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IBM Still has it

Old 02-21-2006, 01:37 PM
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Default IBM Still has it

Well, Big Blue has had it's ups and downs, business wise, but is still doing some very elegant work. They announced this week that they have demonstrated a new photolithography (essentially light-printing) method that can develop features at 30nm scale, using ultraviolet light of 193nm wavelength. This will allow continuation for some time of producing faster CPUs and denser memory chips with 'conventional' technology.

They don't detail how they do it in the press release, but this is some pretty fancy physics:
[*] One normally thinks of the resolving power of light as being limited to it's wavelength. Here, they are developing features 6 times smaller than the wavelength of light used to print them![*] These features are about 300 atoms wide. Soon, the features will become so small that the material won't behave like a solid anymore, because it won't really be a bulk solid![*] Go, Big Blue! [/list]
http://domino.research.ibm.com/comm/...morelease.html
Old 02-21-2006, 02:33 PM
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Default RE: IBM Still has it

What's the corrugated tin in the picture for?
Old 02-21-2006, 06:28 PM
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Default Re: IBM Still has it

All that technology and you'd think they could focus the camera before taken a pic.


Old 02-21-2006, 06:44 PM
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Default RE: IBM Still has it

Nice to read about Big Blue doing well. My Dad retired after 40 years, my brother left after 15 years and I worked there one summer and in graduate school. Good pay, picnics, fairs, open houses, sporting events, outstanding benefits, awesome country club in upstate NY......that was a great company back in the good old days.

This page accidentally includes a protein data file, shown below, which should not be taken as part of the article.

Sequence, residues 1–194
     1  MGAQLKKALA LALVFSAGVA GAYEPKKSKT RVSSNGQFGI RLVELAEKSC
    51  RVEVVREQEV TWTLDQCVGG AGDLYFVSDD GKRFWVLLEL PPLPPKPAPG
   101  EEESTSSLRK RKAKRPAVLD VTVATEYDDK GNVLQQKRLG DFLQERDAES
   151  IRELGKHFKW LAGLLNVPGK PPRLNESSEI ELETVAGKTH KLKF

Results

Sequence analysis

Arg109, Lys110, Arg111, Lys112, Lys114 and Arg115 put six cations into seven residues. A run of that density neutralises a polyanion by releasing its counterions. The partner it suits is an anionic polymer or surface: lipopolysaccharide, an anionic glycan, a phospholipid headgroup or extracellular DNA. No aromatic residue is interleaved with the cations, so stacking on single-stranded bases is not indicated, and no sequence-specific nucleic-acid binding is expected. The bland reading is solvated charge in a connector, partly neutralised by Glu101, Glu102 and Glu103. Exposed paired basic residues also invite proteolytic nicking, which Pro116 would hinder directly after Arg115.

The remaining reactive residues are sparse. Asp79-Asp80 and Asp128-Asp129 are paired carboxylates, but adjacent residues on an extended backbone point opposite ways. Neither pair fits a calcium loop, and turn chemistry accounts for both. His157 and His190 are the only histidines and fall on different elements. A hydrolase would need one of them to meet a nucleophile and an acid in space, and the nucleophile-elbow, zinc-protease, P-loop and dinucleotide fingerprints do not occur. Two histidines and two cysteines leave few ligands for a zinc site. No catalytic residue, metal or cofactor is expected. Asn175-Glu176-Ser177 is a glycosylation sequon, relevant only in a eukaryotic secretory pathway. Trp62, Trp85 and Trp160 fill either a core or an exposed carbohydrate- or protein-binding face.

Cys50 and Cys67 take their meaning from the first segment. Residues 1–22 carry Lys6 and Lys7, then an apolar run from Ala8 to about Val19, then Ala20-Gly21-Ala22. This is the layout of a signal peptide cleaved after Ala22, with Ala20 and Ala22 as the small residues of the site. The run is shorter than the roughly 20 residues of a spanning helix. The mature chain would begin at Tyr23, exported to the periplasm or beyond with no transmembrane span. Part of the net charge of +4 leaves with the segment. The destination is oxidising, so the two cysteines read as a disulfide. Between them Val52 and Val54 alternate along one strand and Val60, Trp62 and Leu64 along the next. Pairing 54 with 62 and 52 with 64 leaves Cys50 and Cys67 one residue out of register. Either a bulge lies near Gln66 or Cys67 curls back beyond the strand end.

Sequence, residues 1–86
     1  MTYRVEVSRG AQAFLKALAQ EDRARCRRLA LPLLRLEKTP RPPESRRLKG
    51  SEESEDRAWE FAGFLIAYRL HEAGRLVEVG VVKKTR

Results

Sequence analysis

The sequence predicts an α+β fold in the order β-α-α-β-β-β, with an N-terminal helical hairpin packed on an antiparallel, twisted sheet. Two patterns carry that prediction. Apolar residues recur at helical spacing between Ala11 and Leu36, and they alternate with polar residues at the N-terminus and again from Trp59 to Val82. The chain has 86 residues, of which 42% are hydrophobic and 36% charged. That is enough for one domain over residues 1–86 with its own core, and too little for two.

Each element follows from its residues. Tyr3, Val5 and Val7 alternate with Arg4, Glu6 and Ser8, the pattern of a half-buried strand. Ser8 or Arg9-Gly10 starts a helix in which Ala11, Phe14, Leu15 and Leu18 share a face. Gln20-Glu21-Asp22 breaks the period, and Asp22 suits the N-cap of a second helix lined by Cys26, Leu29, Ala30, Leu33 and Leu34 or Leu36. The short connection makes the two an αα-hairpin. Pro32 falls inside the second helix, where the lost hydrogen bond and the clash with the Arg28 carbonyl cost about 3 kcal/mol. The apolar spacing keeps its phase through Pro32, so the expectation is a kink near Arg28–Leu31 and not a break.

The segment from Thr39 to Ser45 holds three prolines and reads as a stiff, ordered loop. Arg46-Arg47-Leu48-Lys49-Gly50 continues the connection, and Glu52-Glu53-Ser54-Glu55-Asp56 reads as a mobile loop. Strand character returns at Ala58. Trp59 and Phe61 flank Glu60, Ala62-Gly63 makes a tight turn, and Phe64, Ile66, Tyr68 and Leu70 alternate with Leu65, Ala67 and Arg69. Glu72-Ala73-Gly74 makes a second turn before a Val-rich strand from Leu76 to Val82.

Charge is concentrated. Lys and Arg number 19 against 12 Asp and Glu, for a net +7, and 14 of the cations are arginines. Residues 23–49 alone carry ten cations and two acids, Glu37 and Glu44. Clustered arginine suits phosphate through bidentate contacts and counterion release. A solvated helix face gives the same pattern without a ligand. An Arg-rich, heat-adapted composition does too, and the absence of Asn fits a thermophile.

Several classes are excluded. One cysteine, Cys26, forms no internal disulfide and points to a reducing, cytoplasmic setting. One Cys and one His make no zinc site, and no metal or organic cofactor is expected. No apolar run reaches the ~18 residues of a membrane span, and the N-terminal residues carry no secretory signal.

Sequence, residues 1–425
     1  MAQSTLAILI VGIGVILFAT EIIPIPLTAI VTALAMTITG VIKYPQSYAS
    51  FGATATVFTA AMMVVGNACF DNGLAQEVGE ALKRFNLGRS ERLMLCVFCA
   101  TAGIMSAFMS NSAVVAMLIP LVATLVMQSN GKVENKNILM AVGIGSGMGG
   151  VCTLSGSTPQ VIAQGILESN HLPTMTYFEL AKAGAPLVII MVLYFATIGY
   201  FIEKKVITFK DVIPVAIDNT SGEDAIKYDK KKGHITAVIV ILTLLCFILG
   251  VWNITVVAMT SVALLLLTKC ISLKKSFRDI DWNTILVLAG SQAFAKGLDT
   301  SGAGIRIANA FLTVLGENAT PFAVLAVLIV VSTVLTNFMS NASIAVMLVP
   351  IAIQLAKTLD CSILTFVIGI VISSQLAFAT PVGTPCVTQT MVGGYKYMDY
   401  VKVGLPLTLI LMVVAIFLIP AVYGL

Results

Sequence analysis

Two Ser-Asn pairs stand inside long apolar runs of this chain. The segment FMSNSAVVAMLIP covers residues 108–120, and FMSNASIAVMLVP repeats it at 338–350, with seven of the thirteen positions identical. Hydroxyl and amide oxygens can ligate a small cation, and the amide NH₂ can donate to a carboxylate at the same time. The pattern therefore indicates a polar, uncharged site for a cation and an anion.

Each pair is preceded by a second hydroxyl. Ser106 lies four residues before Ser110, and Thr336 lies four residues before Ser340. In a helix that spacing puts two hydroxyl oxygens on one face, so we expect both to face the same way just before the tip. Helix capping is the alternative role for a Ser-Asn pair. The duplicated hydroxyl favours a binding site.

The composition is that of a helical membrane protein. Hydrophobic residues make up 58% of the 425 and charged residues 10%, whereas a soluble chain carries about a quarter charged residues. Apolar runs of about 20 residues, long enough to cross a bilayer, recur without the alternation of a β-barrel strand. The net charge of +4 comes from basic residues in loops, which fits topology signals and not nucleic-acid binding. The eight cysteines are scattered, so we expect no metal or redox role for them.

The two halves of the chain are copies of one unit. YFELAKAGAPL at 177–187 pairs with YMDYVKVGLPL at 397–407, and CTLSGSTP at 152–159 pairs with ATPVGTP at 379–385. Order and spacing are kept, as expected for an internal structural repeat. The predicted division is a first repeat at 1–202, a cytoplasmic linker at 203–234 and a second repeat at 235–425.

Old 02-21-2006, 07:25 PM
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Default RE: IBM Still has it

seahawg - 2/21/2006 2:33 PM
What's the corrugated tin in the picture for?
I suspect that the shape of the surface comes from laying down a simple test pattern used to demonstrate the technology in the lab, and allowing them to measure the performance characteristics of it (like resolution).

fishie1 - 2/21/2006 6:28 PM
All that technology and you'd think they could focus the camera before taken a pic.
I am not sure what they used to generate those images, but it could not have been a normal camera, even if it was mounted on the most powerful light microscope. Those ridges are smaller than the wavelength of visible light, so it's not possible to see them with visible light. It was computer generated, most likely from detector information coming from scanning electron microscopy, which has a resolution limit of about 5nm (ridge spacing is 30nm). As you approach the resolution limit, objects will naturally look blurrier and noisier.
http://en.wikipedia.org/wiki/Scannin...ron_microscope

Tireless - 2/21/2006 6:44 PM
Nice to read about Big Blue doing well. My Dad retired after 40 years, my brother left after 15 years and I worked there one summer and in graduate school. Good pay, picnics, fairs, open houses, sporting events, outstanding benefits, awesome country club in upstate NY......that was a great company back in the good old days.